Restaurant Week now runs two weeks, but I didn't even remember it was coming until the last minute, so available reservations were limited. I ended up doing four meals, one lunch and three dinners. I ruled any restaurant that extended the special through Labor Day, figuring I'd have other opportunities. I was sorry I couldn't get into Union Square Cafe for lunch, as their menu was particularly inviting, and seemed to take the showcase nature of Restaurant Week quite seriously:


Pappa al Pomodoro – Tuscan Tomato & Bread Soup with Basil and Extra Virgin Olive Oil

“Corn Ricotta” & Prosciutto Bruschetta with Stone Fruit, Arugula and Sycamore Farm Sweet Corn

Grilled Portabello Mushroom, Baby Spinach & Shaved Fennel Salad with Grana Padano and Aged Balsamic Vinaigrette

Frascatelli Genovese – Handmade Durum Wheat Dumplings with Green Beans, Potatoes and Pesto Cream


Grilled Swordfish with Eggplant Mashed Potatoes and Sicilian-Style Tomato, Orange & Olive Salad

Yogurt-Marinated Grilled Chicken Skewers with Lemon-Basmati Rice and Greenmarket Radish Raita

Summer Fried Fish Basket with “Tartar Slaw” and Pickled Vegetables

Berkshire Pork Shoulder Confit with Grilled Vidalia Onions, Rosemary Roasted Potatoes and Peach Chutney


Mississippi Mudd Pie with Kahlúa Whipped Cream

Strawberry-Crème Fraîche Panna Cotta with Basil Syrup and Greenmarket Strawberries

Chocolate Fudge Cake with Black Mint Crème Anglaise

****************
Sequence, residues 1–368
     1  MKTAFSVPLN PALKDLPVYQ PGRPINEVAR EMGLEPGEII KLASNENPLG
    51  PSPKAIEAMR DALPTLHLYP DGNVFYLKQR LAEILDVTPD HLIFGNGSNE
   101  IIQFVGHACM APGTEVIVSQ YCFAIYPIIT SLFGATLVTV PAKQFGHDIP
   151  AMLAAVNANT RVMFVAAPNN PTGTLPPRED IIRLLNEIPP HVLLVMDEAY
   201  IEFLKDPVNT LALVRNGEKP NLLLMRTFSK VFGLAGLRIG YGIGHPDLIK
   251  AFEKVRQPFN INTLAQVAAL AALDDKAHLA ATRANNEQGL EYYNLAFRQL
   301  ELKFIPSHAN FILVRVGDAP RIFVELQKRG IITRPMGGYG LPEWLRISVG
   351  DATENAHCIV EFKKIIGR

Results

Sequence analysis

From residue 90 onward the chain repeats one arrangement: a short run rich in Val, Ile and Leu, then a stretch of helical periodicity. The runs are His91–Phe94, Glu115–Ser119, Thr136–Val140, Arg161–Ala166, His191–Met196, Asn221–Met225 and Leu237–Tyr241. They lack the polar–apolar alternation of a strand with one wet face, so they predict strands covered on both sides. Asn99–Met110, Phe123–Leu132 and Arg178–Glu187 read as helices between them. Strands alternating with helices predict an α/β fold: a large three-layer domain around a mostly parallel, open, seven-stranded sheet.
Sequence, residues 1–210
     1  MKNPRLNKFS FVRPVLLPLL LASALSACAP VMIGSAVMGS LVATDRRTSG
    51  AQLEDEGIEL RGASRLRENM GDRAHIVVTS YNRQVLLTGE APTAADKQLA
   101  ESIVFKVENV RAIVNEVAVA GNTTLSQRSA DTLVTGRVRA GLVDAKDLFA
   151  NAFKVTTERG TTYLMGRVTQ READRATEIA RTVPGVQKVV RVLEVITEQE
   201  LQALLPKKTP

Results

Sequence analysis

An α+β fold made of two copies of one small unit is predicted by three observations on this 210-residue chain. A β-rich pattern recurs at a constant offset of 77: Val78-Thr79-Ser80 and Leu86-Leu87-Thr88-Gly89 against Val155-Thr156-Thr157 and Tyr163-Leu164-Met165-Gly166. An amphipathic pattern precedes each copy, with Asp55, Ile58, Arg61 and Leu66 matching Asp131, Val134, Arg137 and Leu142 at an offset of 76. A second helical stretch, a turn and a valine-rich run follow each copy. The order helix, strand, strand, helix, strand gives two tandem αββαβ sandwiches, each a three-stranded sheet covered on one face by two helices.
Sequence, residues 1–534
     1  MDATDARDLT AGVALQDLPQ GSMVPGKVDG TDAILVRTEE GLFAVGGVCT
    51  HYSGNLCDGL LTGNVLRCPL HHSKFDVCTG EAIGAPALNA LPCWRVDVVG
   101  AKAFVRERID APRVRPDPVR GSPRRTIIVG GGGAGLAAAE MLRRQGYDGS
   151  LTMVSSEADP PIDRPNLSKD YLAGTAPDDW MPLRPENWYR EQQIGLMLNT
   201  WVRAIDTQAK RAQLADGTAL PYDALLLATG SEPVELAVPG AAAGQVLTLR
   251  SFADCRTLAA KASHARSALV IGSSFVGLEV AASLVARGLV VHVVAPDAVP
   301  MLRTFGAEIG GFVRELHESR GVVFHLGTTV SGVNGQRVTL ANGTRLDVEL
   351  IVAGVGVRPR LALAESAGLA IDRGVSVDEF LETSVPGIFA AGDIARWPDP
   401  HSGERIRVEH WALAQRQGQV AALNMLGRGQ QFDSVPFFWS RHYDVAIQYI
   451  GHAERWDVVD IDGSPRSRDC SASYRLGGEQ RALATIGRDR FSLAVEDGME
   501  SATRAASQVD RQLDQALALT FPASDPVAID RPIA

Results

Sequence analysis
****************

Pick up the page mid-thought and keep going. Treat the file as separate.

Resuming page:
Blueberry Tart with Lemon Curd and Blueberry Syrup

Much to my surprise, I was able to get a same day lunch reservation at Daniel Boulud's DB Bistro Moderne, close to my midtown office. I can't complain about the meal, but neither was I bowled over. My starter was the baby Bibb lettuce Nicoise with tuna confit, green beans and cherry tomatoes–pretty good, but I don't turn cartwheels for salads. My main course was the beef short ribs raviole (I believe the plural in French should have been ravioles) with baby spinach, fava beans, button mushrooms and Parmesan. The dish was pleasing enough, but nothing kvellworthy. The perfectly prepared vegetables did make a nice ensemble with the ravioli, which, by the way, reminded me of upscale kreplach. The dessert, lemon-rasberry cake with raspberry coulis and vanilla chantilly was rather pedestrian. When you consider the fact that it's normally impossible to get three courses at lunch for under $50 at this restaurant I suppose it was, overall, a nice opportunity, but I have no intention of returning.